Issues > Mass Species Extinction

Scientists predict that we may lose half of all species on the planet by the end of this century. Although thousands of species of plants, animals, birds, amphibians, reptiles and arthropods are lost every year, the Holocene Extinction is notable for the disappearance of large mammals, also known as megafauna, which have dominated the top of the food chain.

What differentiates these events from previous extinctions?

Throughout Earth’s history, there have been five major extinction events. The last one, which killed all the dinosaurs, was caused by a meteor striking the planet at 20 times the speed of a rifle bullet. We are entering the sixth mass extinction – the first caused by a single species: humans.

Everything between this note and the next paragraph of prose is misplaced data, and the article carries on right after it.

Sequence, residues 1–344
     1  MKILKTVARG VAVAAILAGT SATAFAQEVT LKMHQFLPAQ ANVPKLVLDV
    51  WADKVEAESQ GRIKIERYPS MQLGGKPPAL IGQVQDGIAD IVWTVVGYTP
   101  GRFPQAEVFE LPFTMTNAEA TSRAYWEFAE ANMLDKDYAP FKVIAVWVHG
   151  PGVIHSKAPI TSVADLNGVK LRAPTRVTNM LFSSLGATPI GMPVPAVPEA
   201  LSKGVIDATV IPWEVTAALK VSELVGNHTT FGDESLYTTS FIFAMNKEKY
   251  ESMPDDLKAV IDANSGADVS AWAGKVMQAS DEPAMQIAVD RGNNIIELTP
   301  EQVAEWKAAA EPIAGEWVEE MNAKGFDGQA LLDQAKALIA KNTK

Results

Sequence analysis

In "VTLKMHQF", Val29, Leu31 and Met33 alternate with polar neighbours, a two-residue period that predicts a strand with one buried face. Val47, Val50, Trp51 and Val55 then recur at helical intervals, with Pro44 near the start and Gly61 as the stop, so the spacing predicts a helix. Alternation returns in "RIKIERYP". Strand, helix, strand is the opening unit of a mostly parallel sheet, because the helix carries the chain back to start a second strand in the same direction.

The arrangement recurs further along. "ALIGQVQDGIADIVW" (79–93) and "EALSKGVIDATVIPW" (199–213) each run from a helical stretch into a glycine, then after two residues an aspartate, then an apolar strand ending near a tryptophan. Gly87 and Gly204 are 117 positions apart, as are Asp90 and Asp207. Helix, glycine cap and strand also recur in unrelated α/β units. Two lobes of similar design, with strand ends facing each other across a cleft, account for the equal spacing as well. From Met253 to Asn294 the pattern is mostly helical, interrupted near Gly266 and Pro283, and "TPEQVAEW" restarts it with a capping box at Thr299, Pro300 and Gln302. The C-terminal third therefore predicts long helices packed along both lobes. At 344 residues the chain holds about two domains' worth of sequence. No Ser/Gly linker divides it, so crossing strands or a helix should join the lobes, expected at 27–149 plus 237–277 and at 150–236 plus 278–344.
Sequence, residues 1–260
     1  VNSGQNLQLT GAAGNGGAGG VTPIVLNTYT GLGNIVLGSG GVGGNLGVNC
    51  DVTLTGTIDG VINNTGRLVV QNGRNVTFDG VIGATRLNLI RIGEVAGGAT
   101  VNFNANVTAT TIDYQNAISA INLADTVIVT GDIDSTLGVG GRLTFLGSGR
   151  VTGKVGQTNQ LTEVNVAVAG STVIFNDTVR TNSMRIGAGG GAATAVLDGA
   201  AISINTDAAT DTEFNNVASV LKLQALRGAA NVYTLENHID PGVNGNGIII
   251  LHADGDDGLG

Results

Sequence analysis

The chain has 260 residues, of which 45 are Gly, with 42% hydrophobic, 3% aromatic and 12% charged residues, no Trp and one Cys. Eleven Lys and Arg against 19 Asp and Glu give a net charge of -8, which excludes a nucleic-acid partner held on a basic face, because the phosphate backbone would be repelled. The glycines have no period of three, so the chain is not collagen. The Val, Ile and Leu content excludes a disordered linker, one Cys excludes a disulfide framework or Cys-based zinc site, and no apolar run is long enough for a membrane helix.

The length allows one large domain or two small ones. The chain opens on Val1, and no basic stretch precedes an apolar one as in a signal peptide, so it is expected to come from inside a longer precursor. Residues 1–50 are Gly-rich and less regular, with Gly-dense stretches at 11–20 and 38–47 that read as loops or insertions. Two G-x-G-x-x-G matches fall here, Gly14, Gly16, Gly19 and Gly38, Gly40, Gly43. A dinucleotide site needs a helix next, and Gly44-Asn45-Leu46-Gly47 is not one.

Climate change and, more generally, the impact and proliferation of modern humans are the source of decline. Whatever the cause, we know that in this rapid succession of decline, oceans will be affected most profoundly, losing five times more species than will be lost on land. From the plankton responsible for two-thirds of all the oxygen we breathe, to the great singing humpback whales vast swaths of the planet’s species are already being threatened by swift and non-discriminating forces. Pollution, habitat loss, overfishing, climate change, and ocean acidification will each contribute to this catastrophic loss that will change the oceans as we know them, forever.

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